[8] In the instant case the pleading was clearly denominated a cross-complaint both in its title and in its body. Counsel for both parties understood the pleading to be a cross-complaint and treated it as such. (See Tomales Bay etc. Corp. v. Superior Court, 35 Cal.2d 389, 393 [217 P.2d 968].) The judgment has been fully paid, and presumably the defendant has changed her position in reliance thereon. There was no sharp practice on the part of defendant or her counsel. On the contrary, repeated requests were made of the then counsel for plaintiffs that he file an answer, and he assured defendant that he would do so. Substantial periods of time were allowed to elapse before default was taken and before judgment was entered. Under the circumstances of this case, it would be most unjust to extricate plaintiffs from the position in which they now find themselves at the expense of this defendant. Therefore, the classification of the pleading as a cross-complaint is in accord with the interests of justice, and the order denying the motion to set aside the default and default judgment should be affirmed.

The order appealed from is affirmed.

Traynor, C. J., Tobriner, J., Peek, J., Mosk, J., and Schauer, J., fn. * concurred.

McComb, J., concurred in the judgment.

­FN 1. Section 438 of the Code of Civil Procedure provides:

"The counterclaim mentioned in section 437 must tend to diminish or defeat the plaintiff's recovery and must exist in favor of a defendant and against a plaintiff between whom a several judgment might be had in the action; provided, that the right to maintain a counterclaim shall not be affected by the fact that either plaintiff's or defendant's claim is secured by mortgage or otherwise, nor by the fact that the action is brought, or the counterclaim maintained, for the foreclosure of such security; and provided further, that the court may, in its discretion, order the counterclaim to be tried separately from the claim of the plaintiff."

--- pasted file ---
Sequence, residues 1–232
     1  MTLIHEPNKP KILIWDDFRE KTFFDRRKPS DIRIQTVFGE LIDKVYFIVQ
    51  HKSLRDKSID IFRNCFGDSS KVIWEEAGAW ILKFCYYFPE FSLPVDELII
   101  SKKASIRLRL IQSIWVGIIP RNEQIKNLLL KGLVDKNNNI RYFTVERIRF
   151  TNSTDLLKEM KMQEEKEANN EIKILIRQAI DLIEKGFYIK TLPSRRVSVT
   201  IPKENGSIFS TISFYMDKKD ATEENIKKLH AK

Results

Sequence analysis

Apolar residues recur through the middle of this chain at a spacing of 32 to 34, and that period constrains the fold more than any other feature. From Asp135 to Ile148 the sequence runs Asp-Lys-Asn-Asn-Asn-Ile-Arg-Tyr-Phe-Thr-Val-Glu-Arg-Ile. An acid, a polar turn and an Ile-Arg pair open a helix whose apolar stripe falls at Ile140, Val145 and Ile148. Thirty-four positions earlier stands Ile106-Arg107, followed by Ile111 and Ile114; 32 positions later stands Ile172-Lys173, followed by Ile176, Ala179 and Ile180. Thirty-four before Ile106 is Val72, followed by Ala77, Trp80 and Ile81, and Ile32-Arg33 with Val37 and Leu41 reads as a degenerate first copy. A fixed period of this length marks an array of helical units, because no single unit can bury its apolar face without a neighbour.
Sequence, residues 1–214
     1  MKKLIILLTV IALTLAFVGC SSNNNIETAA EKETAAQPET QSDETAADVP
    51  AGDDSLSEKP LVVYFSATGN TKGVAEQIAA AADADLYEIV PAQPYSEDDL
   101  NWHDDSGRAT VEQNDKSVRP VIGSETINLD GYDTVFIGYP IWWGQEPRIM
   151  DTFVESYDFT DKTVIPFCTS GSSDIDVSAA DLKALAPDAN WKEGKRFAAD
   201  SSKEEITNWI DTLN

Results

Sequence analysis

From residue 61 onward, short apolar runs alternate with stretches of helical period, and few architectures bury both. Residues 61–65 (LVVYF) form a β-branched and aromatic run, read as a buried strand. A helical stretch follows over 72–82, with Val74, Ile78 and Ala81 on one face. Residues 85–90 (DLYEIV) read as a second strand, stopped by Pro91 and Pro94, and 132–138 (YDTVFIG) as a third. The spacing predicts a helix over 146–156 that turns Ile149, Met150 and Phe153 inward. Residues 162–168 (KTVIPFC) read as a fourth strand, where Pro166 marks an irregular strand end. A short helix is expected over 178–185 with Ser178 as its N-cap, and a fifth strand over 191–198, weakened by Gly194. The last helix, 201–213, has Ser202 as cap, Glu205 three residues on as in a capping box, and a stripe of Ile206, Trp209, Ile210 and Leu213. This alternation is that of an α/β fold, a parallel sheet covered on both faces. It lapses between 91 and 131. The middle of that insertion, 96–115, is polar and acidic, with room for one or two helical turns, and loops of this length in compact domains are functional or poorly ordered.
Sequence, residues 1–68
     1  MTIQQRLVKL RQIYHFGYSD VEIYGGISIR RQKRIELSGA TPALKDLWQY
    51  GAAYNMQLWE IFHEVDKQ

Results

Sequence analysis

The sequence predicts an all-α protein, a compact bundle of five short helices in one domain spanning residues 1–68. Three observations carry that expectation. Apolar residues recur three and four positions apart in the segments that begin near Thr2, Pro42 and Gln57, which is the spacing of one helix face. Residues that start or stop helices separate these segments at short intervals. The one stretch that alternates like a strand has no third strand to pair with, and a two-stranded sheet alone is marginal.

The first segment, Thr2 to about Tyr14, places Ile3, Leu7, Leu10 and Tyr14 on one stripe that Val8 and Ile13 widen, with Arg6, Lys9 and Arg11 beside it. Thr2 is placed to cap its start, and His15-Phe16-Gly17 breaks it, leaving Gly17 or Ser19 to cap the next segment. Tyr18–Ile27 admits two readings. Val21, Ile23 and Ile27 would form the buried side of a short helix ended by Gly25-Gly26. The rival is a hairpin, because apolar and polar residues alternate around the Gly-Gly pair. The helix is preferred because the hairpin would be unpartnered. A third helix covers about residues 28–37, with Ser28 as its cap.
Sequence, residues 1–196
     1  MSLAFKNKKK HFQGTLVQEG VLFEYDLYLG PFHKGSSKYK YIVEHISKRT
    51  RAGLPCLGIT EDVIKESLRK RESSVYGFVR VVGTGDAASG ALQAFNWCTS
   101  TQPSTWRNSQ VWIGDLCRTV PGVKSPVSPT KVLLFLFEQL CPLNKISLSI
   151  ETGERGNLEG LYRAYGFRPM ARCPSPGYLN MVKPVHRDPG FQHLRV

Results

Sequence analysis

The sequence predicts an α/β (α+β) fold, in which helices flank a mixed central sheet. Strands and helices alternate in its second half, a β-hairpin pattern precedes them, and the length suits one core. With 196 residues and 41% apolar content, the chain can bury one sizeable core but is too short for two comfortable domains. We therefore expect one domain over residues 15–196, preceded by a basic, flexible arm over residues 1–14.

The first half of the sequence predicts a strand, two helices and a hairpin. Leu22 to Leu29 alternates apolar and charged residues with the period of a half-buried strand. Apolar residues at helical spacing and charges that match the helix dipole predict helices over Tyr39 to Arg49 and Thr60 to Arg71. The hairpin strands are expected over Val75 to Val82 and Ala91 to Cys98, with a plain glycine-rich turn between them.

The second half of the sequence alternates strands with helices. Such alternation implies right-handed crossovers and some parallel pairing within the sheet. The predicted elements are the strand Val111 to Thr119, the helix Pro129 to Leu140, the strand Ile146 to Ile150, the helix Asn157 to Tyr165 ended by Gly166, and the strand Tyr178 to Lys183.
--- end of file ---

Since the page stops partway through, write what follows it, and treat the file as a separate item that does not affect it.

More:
­FN 2. Section 442 of the Code of Civil Procedure provides:

"Whenever the defendant seeks affirmative relief against any person, whether or not a party to the original action, relating to or depending upon the contract, transaction, matter, happening or accident upon which the action is brought or affecting the property to which the action relates, he may, in addition to his answer, file at the same time, or by permission of the court subsequently, a cross-complaint. The cross-complaint must be served upon the parties affected thereby, and such parties may demur or answer thereto, or file a notice of motion to strike the whole or any part thereof, as to the original complaint. If any of the parties affected by the cross-complaint have not appeared in the action, a summons upon the cross- complaint must be issued and served upon them in the same manner as upon the commencement of an original action."

­FN *. Retired Justice of the Supreme Court sitting under assignment by the Chairman of the Judicial Council.

Opinion Information
Thu, 10/15/196461 Cal.2d 838Review - Criminal AppealOpinion issued

Oct 15 1964Opinion: Affirmed